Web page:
Researchers have found a clear statistical link between religious observance and a lower likelihood of divorce.
A team from Harvard University set out to explore the effect of religion on health and wellbeing, and found a strong connection with family stability: couples who regularly take part in religious activities such as attending a place of worship were nearly 50 per cent less likely to subsequently divorce.
Lead researcher Tyler J VanderWeele is a Professor of Epidemiology. He said that while his study had focused on older couples, other results had been observed amongst younger men and women who had participated in similar research.
The typical religious disapproval of such behaviour as adultery was a likely influence the Professor suggested. Some religions also view marriage as a sacred relationship, he added, and this view would be reinforced through regular attendance at churches and other places of worship.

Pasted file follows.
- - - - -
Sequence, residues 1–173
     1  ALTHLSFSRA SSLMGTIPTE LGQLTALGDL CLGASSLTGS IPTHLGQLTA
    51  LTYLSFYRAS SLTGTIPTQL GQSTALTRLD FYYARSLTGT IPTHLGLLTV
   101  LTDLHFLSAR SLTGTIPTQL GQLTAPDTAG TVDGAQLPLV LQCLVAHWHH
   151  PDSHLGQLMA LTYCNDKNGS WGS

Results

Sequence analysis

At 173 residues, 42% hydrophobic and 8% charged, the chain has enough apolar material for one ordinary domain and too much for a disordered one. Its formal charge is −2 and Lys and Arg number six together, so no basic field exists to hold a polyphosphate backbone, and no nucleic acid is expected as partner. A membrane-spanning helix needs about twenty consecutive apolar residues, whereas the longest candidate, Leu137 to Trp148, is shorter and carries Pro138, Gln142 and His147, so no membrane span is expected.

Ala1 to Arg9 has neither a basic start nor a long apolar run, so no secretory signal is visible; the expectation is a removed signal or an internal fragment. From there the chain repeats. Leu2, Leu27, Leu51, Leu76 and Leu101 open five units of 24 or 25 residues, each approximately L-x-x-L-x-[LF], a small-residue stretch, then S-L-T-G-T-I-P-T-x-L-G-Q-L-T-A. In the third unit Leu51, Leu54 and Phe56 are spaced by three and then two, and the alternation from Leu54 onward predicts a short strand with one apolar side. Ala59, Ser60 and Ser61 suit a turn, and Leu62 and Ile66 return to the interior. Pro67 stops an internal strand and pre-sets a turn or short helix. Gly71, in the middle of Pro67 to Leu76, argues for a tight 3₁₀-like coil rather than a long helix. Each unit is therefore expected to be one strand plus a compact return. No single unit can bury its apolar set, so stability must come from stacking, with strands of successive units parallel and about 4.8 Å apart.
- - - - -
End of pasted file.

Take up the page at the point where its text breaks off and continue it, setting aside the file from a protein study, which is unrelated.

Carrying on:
In addition, Professor VanderWeele noted, religious communities often provide their members with such valuable services as childcare and marriage guidance, another factor likely to discourage divorce.
“Religious communities can provide important resources for a healthy marriage,” he explained.
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